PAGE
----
The first roll of film which I put through a camera of my own (an
Olympus OM10) was begun on Christmas Day, 1986. It started with a photo
of the sunrise over the Northwest Arm, and ended sometime later with a
photo of the lights across the arm at night. Given that it was my first
roll, I was mighty pleased with myself that I had made such pretty
photos. I even got a 8"x10" enlargement of the ice photo for my wall. I
used the camera on full automatic for the first couple of months, until I
managed to wade through the "Life Library of Photography" books I
received with the camera, and started to understand how to really use
6x6 cm film
My first creative use of a camera was as a tool in
the creation of my portfolio for entrance to the Nova Scotia College of
Art and Design (Nova Scotia College of Art and Design). One of the
requirements for the portfolio was to depict change in a series of
images. I showed change in the weather, a change of mind and other such
puns. The final images were printed 8"x10" (extravagantly large I
thought at the time) and glued down on black board. The series must have
worked as I did manage to get into the college, though to be honest,
photography was not my intent at this time - I wanted to go to college
to learn how to sculpt in stone.
When I received my first
camera, I also received a number of rolls of black and white film. These
I carefully nursed along over the next months, and had processed at a
photo-lab, for fear of ruining the film. I did print the images myself,
setting up a crude darkroom in the closet of the art room in my high
school. By the time I finished the twelfth grade six months later, I was
comfortable making basic prints, and with processing film, though I had
to ask a friend to load my reels, again for fear of messing my film up.
Over the summer of 1987, I joined the Nova Scotia Photo Co-op,
and used their facilities to continue my explorations of photography.
Much of what I did was guided by the "Life Library of Photography" and
to give those authors credit, much of what I do today is founded on
those very basic tenets which I took from those books.
first summer with a camera I did lots of playing - experimenting with
long exposures, studio
lighting, and special effects filters. It didn't take me too long before
I knew I didn't like the filters - the star filter especially - one
ruined photo was enough to convince me to leave the things in a drawer
(I still have the star-filter one kicking around somewhere). I had fun
though, and slowly learned my way around my camera, and a basic darkroom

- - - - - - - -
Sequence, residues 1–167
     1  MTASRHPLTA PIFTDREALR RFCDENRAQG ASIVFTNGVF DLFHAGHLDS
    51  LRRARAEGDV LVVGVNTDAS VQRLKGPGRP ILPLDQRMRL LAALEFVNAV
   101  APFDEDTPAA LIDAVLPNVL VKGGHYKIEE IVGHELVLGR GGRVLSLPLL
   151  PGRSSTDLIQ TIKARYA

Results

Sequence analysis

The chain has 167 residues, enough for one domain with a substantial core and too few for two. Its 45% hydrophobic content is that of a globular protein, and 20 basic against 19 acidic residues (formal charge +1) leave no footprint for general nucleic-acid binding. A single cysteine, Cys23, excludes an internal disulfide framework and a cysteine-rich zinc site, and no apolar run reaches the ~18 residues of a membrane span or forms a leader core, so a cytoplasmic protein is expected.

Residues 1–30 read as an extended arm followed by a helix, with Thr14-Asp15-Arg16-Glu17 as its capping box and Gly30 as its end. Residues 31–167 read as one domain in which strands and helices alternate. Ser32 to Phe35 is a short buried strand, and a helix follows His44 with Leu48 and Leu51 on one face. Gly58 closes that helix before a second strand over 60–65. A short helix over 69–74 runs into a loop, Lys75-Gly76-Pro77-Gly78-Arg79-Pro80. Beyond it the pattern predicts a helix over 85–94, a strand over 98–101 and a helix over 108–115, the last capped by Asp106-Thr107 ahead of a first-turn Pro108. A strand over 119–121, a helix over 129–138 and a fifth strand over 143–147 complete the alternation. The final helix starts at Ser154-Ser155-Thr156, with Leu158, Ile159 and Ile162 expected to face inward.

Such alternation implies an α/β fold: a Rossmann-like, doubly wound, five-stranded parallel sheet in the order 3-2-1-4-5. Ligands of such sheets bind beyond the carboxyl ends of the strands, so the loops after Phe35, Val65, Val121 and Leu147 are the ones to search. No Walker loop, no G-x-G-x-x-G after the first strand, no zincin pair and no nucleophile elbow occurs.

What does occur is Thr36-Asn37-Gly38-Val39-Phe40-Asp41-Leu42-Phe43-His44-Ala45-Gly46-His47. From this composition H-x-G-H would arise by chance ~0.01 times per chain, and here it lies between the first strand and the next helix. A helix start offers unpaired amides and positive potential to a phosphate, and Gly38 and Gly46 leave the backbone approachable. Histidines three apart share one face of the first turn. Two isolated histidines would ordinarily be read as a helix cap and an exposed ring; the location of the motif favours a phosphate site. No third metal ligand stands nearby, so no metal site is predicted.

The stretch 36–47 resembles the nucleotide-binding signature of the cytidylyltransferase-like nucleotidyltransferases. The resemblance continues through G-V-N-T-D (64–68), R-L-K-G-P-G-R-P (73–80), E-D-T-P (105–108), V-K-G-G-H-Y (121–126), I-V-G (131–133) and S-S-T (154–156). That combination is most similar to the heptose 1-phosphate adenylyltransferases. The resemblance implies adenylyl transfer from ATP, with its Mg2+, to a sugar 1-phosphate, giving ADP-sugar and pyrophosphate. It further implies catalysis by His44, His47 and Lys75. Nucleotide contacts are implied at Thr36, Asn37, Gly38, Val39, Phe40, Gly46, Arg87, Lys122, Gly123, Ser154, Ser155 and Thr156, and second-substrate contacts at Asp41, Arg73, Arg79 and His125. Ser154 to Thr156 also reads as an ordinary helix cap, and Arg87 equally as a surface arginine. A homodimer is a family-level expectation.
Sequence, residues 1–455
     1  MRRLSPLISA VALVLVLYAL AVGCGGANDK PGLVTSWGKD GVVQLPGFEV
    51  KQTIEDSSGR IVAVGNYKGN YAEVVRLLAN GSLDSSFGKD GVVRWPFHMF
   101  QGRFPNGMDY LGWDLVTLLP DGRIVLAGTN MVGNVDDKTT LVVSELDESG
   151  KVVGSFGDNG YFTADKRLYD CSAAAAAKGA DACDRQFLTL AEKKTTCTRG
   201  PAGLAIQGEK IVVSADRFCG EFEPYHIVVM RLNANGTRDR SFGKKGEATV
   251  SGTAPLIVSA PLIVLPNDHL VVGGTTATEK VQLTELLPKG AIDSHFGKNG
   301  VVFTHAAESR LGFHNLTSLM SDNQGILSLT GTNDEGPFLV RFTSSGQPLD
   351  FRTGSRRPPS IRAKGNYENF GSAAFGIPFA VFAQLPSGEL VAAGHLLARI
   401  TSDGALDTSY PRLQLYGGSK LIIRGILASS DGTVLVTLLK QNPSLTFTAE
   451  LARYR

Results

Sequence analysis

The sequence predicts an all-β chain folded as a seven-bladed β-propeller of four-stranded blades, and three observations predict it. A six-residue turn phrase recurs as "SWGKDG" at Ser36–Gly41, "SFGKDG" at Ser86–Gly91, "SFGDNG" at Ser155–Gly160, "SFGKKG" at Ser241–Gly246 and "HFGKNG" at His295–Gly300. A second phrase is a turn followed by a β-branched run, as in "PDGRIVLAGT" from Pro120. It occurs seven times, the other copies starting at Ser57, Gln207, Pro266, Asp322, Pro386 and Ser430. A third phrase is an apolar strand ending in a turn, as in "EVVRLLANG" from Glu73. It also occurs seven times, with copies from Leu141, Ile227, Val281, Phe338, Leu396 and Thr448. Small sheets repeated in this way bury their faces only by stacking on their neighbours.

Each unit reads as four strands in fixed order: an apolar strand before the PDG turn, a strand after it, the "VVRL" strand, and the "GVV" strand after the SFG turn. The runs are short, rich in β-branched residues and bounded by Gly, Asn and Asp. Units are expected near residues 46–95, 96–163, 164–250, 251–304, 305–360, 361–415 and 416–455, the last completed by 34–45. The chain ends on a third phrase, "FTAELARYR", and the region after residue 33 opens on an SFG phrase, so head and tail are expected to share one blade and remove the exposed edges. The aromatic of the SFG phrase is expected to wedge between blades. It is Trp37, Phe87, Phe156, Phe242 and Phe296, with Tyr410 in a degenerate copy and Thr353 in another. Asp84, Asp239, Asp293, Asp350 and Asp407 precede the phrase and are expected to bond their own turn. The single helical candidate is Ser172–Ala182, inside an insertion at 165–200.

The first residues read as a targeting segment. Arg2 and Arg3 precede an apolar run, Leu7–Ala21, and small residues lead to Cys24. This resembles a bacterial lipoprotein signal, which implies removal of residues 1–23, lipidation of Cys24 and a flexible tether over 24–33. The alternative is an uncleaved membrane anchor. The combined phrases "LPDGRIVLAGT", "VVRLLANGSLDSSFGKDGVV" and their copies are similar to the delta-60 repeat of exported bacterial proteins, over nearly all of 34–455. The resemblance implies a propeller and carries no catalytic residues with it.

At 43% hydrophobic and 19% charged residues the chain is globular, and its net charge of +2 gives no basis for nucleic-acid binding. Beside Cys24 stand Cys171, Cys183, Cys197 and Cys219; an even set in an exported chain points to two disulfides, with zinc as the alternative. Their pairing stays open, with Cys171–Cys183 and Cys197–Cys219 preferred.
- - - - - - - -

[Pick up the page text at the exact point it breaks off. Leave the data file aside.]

In the fall of 1987, I began attending Nova Scotia College of Art and Design. The first term was a foundation session -
with introductions to all areas, and a basic photo course. The entire
term was a struggle for me; being young and arrogant, I thought I knew
all there was to know, and even when something new was revealed, I was
resistant to it. I printed high-contrast, overdeveloped my film, and
generally did everything the way I wasn't supposed to. Reflecting now, I
don't think I could have done it any differently - at the time contrast
and grain were the things I wanted, and I resented being asked to
develop for detail and sharpness, and print for full tone. The fact that
that is now exactly how I work is no accident; I think the
contrast/grain thing was a milestone along the road to where I am now.
If I didn't go through that, I wouldn't be where I am today.
of the things I most wanted to photograph when I first started was
bands - loud, abrasive, alternative rock bands. So I did. Halifax has
never been a hotbed of international bands, so I was pretty much limited
to the few all-ages alternative gigs (I was underage in 1987), but,
when they were bands I liked, I did my best to go out and "capture their
essence on film" (oh, I was so young). I thoroughly enjoyed
photographing concerts though, and eagerly awaited the day I turned 19
and would be able to photograph "real bands" (i.e. alternative bar
One thing that my first term at Nova Scotia College of
Art and Design did for me was open my eye up to larger film formats -
during foundation, at least some of the photographs you make have to be
produced on a medium format camera, a Mamiya twin-lens reflex. These
cameras force you to change the way you see, because the ground-glass
where the image is formed, presents the world reversed left to right.
The other reason for using medium format is to generate a larger
negative, which is (in theory) easier to print and get full tones on.
While I readily accepted the larger negative as easier to print, I also
proved that it could have as few tones and as much contrast as 35mm
My final project for my foundation term at Nova Scotia College of Art and Design was in tune with the remainder of my term. We were to produce 10 final prints, from the body of work we had made over the term. There was to be some unifying theme to the work, but it didn't have to be too formal. The only stipulation was the prints were to be "perfect prints", and the subject was not to be pets, children or graveyards. True to my form of the time (I repeat, I was so young) I shot a roll in a graveyard the week before the project was due, printed good prints of the first ten images on the roll, and handed them in. The Prof. wasn't pleased with the subject of the images, but since I had, in his words, grown, and produced ten full-tone images, he passed me. The funny thing was, one of those ten images I quite liked; it was a statue of the Virgin Mary with her face and features washed off by the rain. I liked a full-tone print. Go figure! On the whole, my first year of photo was a real growth period. The fact I attended the Nova Scotia College of Art and Design, after I had begun learning on my own, was I think a very positive element, grounding my skills in discovery as opposed to revelation.